(AP) -- Russia is ending a blanket ban on vegetable imports from the European Union put in place over fears of E. coli infection, starting with the Netherlands and Belgium, the nation's top consumer rights watchdog said Tuesday.
Shipments were allowed to resume Tuesday, the agency said, following a 26-day ban intended to prevent an E. coli outbreak centered on Germany from spreading east. Germany reported one more death in the outbreak, taking the total to at least 47, but infections have declined significantly over recent weeks.
The EU has called Russia's ban disproportionate and the dispute has clouded Russia's talks on accession to the World Trade Organization.
The Russian consumer protection agency didn't say when imports of vegetables from other EU nations will resume, but added that the Czech Republic, Denmark, Lithuania, Spain and Poland are on the waiting list.
Russia and the EU have reached agreement on safety certification, and agency chief Gennady Onishchenko said that every shipment of vegetables must be accompanied by an individual certificates guaranteeing its safety.
Russia is the last major economy that isn't a member of the WTO, the international free-trade body, and accession to it is crucial to a broader partnership agreement the European Union wants to establish with Russia.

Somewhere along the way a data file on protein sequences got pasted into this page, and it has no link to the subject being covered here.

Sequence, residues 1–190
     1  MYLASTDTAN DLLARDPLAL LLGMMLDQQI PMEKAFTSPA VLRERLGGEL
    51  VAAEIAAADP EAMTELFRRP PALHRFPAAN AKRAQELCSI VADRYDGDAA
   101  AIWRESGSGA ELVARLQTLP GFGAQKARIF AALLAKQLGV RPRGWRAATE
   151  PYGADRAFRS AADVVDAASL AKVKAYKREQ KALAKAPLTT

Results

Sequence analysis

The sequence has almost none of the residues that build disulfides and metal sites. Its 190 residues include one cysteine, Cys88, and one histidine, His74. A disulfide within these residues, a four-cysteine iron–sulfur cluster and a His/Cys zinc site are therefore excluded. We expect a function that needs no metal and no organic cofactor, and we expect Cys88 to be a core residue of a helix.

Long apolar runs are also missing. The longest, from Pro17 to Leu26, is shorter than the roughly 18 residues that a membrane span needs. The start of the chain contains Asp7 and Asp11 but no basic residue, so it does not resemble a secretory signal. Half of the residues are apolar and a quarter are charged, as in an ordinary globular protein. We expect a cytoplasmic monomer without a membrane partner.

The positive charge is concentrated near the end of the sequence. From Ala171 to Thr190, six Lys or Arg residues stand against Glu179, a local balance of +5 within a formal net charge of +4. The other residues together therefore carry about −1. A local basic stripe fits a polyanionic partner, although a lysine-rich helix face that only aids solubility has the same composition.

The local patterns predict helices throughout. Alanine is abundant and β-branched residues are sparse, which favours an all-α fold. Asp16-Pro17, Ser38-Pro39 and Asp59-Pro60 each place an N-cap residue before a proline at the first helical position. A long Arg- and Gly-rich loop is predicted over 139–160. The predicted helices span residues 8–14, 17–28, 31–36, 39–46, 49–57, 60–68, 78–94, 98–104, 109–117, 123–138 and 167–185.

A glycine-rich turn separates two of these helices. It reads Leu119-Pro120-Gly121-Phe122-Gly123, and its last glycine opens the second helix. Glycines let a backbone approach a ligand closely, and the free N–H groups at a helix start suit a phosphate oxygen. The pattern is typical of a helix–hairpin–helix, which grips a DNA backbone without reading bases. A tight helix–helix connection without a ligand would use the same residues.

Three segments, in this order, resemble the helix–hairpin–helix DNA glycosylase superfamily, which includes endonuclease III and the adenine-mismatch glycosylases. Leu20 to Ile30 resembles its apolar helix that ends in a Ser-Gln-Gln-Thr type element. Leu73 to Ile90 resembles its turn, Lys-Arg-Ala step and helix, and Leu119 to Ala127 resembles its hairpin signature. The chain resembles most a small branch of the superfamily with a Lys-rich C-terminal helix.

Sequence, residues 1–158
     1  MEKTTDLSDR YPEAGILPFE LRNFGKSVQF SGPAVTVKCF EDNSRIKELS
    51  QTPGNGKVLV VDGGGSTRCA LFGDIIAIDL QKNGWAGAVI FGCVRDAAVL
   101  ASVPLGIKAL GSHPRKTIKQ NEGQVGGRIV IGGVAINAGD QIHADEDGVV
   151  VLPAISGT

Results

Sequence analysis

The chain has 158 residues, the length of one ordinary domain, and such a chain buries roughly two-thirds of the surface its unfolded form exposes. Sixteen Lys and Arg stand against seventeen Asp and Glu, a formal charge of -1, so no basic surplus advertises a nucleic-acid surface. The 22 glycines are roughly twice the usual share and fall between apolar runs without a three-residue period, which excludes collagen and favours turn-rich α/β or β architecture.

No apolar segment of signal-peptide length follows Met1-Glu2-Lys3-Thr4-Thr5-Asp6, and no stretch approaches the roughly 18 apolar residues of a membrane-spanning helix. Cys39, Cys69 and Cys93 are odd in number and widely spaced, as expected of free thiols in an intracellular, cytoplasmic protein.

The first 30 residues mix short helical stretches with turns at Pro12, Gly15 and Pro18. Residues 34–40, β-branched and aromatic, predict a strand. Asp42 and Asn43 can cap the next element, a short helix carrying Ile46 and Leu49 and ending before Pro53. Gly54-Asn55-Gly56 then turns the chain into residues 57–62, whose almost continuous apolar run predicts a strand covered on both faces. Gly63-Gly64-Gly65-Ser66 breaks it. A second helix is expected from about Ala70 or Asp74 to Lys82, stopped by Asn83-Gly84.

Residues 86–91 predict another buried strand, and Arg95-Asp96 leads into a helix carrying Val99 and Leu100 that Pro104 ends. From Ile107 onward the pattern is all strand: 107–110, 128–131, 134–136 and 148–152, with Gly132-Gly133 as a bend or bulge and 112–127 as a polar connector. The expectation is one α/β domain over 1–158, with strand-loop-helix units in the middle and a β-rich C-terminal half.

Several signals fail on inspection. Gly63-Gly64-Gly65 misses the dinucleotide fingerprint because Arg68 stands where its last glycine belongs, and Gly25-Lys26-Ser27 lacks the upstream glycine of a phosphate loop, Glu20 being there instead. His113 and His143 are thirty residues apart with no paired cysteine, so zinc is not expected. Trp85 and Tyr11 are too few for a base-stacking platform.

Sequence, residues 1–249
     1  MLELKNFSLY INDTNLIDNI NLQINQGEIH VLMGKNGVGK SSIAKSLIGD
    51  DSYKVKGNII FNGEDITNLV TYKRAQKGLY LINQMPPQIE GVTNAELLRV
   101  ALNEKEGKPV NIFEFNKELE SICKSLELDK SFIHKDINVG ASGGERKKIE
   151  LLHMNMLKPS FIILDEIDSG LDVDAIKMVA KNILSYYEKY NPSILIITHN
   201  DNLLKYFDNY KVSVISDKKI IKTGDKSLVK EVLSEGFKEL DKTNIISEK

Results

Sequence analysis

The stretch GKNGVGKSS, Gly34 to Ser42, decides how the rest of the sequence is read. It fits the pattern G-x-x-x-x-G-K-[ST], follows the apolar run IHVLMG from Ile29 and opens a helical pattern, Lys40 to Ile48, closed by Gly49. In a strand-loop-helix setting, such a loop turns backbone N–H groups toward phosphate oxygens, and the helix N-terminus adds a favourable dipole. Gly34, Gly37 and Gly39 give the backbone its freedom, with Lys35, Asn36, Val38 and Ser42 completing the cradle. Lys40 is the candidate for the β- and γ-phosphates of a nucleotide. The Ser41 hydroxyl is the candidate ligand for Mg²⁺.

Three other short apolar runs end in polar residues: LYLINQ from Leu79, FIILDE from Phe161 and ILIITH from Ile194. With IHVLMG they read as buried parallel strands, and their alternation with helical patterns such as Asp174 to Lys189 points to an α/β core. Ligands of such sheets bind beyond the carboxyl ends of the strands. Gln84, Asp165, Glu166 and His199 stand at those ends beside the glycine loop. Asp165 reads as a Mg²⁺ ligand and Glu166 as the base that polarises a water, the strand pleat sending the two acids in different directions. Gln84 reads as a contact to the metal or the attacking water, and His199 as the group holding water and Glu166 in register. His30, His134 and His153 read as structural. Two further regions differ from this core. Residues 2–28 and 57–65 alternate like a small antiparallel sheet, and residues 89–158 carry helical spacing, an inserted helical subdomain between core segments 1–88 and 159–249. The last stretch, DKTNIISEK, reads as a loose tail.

Meanwhile Tuesday, the Robert Koch Institute, Germany's disease control center, said 47 deaths have now been reported in the country. One person has died in Sweden and officials say one death in the U.S. may be linked to the outbreak.
New infections have declined significantly over recent weeks but overall numbers are still rising due to delays in notification.
The disease control center says 3,901 people have been reported sick in Germany - including 838 suffering from a complication that can lead to kidney failure. A further 119 cases have been reported in 15 other countries.
The source has been traced to a sprout farm in northern Germany. It's unclear how the sprouts were contaminated.
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